Betaspring, Founders League to move to renovated downtown space

CONTRACTORS install a window at 91 Clemence St. in downtown Providence, being renovated by Cornish Associates as a new home for Betaspring and the Founders League. / PBN PHOTO/MARY MACDONALD
CONTRACTORS install a window at 91 Clemence St. in downtown Providence, being renovated by Cornish Associates as a new home for Betaspring and the Founders League. / PBN PHOTO/MARY MACDONALD

PROVIDENCE – Betaspring and Founders League will relocate to a newly renovated building downtown, the start of what developer Cornish Associates hopes will become a redevelopment of Grant’s Block.
Betaspring, a startup accelerator, and Founders League, a shared work space for companies and entrepreneurs, will occupy about half of the space in the building at 91 Clemence St., according to Arnold “Buff” Chace Jr., the managing partner of Cornish Associates.
The building fronts an alley, and is located between Weybosset and Westminster streets, adjoining a surface parking lot owned by Cornish that is a part of Grant’s Block.
Redevelopment of the 90-space parking lot is part of a larger plan by Cornish to refurbish a block in downtown Providence. The company has applied for state tax credits, through the Rebuild Rhode Island tax credit program, to renovate three historical buildings on Westminster Street, for conversion to apartments and retail, to complete the Clemence building renovation, and to build a new structure for 90 apartments and ground-level retail over the existing parking lot.
The historical buildings include the Lapham Building, at 290 Westminster St., which Cornish acquired in 2014, as well as a building at 276 Westminster St., and one at 270 Westminster St., the former Roger Williams Bank building.
Altogether, the renovated historical buildings would create about 50 apartments.
Cornish Associates has already renovated nine buildings in downtown Providence.
“We’re just going to continue the same equation that we’ve gone through to date. We’ll be putting retail on the first floor, and the upper floors will be housing,” Chace said.
“It’s one of these things of getting to a critical mass. We need more people living downtown.”
The company applied for the tax credits to help finance the conversion of the historical properties, as well as the new construction, although the new building would most likely be done in the final phase, Chace said. The idea would be to place a specialty grocer on the ground level, he said, with the housing above. The plan would place parking underground, below the structure.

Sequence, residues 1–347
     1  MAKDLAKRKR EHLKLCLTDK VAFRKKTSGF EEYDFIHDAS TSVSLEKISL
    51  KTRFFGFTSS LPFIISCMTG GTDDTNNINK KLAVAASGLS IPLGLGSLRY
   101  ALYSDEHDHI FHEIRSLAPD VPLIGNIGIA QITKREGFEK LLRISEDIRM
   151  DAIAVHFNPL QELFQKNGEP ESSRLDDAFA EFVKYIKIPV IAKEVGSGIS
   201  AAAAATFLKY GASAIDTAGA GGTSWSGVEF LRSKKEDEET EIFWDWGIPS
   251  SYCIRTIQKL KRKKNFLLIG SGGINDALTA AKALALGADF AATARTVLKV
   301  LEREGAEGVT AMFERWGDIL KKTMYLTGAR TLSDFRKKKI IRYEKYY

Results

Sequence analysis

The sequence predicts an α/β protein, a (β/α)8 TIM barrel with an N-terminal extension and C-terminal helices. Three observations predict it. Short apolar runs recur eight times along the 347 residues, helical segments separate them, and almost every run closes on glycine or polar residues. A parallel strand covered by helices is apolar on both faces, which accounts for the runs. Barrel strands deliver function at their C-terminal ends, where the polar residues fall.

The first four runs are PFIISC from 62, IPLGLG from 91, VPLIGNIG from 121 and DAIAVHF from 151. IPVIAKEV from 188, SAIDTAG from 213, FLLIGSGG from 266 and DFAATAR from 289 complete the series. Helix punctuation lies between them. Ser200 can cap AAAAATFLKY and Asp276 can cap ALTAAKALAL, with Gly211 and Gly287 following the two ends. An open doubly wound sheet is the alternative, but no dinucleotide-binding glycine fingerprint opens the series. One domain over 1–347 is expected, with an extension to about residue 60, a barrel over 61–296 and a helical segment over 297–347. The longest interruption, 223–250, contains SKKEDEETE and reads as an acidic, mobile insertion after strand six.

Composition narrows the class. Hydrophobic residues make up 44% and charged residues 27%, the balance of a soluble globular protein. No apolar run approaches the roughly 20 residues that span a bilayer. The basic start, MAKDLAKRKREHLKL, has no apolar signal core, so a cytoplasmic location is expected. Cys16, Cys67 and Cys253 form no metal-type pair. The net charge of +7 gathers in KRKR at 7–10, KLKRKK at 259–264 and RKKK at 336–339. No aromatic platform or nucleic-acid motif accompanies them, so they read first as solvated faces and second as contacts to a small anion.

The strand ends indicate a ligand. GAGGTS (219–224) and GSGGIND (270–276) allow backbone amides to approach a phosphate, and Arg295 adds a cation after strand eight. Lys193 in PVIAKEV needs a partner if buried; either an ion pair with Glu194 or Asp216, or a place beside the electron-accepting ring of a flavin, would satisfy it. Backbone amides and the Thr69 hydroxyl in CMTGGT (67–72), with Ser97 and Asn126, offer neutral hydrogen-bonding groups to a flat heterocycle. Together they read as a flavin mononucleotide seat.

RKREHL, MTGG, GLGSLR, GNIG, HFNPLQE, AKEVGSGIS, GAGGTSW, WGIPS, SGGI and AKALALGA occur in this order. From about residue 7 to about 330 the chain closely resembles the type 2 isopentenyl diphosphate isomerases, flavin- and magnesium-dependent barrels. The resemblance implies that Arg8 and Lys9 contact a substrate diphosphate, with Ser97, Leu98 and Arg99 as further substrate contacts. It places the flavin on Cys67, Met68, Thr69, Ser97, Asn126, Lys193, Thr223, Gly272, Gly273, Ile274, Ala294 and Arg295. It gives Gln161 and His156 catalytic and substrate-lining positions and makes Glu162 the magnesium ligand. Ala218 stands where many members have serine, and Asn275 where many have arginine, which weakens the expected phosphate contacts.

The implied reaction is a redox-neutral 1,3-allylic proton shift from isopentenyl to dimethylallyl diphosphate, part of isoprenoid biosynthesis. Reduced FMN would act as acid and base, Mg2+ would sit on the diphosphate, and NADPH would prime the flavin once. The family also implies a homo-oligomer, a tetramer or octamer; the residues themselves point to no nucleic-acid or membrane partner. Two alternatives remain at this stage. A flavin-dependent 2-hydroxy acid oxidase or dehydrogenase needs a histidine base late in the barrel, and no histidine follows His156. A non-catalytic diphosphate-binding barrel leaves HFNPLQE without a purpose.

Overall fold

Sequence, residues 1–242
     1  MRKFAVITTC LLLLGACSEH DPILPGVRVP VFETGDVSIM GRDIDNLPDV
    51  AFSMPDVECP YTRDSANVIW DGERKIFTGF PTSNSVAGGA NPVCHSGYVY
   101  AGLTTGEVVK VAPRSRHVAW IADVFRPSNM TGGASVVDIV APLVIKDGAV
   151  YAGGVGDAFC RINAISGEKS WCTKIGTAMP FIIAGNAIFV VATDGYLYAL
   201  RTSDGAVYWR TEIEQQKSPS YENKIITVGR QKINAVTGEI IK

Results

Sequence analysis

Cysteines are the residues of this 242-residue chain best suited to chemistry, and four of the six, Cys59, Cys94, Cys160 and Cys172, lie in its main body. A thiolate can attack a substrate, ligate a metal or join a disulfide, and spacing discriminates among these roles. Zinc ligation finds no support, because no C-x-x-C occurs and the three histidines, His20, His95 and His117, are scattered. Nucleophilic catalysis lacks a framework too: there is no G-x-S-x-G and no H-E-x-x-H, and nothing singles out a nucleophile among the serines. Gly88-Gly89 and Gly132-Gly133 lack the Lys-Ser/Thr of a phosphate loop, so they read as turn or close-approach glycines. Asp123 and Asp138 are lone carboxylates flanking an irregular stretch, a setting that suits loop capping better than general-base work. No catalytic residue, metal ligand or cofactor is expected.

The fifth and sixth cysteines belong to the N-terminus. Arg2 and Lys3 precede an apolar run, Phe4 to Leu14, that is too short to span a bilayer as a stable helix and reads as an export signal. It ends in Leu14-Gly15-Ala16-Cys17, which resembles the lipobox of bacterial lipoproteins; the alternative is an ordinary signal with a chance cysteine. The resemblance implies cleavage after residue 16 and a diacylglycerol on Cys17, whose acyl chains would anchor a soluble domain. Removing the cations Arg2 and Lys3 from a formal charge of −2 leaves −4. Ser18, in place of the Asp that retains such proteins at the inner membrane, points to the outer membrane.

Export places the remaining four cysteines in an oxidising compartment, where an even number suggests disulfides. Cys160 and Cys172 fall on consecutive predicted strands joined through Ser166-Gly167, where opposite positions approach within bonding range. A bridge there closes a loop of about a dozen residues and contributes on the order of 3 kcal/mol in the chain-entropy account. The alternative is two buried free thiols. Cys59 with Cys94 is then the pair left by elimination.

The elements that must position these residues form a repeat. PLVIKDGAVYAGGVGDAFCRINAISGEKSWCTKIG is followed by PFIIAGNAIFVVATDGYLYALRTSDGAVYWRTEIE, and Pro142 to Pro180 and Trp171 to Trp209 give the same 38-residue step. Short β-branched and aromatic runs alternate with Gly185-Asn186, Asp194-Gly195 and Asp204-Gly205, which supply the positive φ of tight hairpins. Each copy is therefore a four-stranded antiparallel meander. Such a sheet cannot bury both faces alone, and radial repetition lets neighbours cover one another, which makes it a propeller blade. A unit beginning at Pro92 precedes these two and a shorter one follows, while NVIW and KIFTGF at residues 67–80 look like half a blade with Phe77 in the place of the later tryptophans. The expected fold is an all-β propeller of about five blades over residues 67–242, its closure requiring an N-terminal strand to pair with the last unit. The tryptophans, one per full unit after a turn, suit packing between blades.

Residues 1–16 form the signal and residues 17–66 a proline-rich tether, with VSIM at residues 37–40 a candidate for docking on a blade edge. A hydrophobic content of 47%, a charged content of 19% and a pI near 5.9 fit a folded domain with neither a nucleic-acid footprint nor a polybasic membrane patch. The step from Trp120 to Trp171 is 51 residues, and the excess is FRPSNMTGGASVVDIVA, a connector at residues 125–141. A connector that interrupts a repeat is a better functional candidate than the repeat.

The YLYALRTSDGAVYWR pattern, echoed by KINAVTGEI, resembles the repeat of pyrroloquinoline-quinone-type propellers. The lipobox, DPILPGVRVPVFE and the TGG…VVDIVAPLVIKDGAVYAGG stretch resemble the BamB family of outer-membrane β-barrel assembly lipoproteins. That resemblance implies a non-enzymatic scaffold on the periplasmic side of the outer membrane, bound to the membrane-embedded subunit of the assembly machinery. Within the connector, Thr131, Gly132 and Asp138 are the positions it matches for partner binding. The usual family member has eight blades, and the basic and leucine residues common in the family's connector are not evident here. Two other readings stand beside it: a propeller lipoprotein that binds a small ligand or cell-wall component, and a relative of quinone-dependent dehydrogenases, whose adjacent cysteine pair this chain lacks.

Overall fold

Cornish decided to go ahead and complete its renovation of the Clemence Street building because it faced a deadline to get Betaspring and Founders League into the new space.
The companies are expected to complete the move as of Jan. 1, under the terms of a two-year lease. Both are moving from a building at 95 Chestnut St., in the Jewelry District, that will be converted to residential apartments.
Melissa Withers, managing director of Betaspring, and a co-founder of the Founders League, said Cornish Associates listened to what the companies wanted and needed for their space, and created a unique setting. The interior includes open space, as well as individual offices. About 35 people will make the move, she said Friday.
“The space was built out to fit the needs of our community, for the entrepreneurs we service,” she said. “It is a leap forward for us.”
The Clemence Street building most recently was occupied by a bar, and is thought to have originally been built as a warehouse. It has two sections, including one with three levels and another with two floors. It was acquired by Cornish about two years ago.
Cornish gutted the interior and built it out to fit the needs of the tenants. The upper floors will be renovated into four live-work apartments suitable for independent artists or designers, according to Chace.
Originally, Cornish thought about tearing it down, Chace said, understanding that its plans would be to develop the parking lot. But after poking around in the building, it grew on him.
“As happens in real estate sometimes, you fall in love with the decrepit old building,” he said. “When we got in there, it was in horrible shape. We were taking it apart, and we found, underneath the main floor, an old bowling alley.”

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